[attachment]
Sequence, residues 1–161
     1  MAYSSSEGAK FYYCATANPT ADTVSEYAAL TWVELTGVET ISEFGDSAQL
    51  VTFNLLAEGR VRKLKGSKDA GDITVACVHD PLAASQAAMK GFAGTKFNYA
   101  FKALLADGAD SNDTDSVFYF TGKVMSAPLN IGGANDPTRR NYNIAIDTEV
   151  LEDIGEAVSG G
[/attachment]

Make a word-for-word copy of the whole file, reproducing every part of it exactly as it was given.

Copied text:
Sequence, residues 1–161
     1  MAYSSSEGAK FYYCATANPT ADTVSEYAAL TWVELTGVET ISEFGDSAQL
    51  VTFNLLAEGR VRKLKGSKDA GDITVACVHD PLAASQAAMK GFAGTKFNYA
   101  FKALLADGAD SNDTDSVFYF TGKVMSAPLN IGGANDPTRR NYNIAIDTEV
   151  LEDIGEAVSG G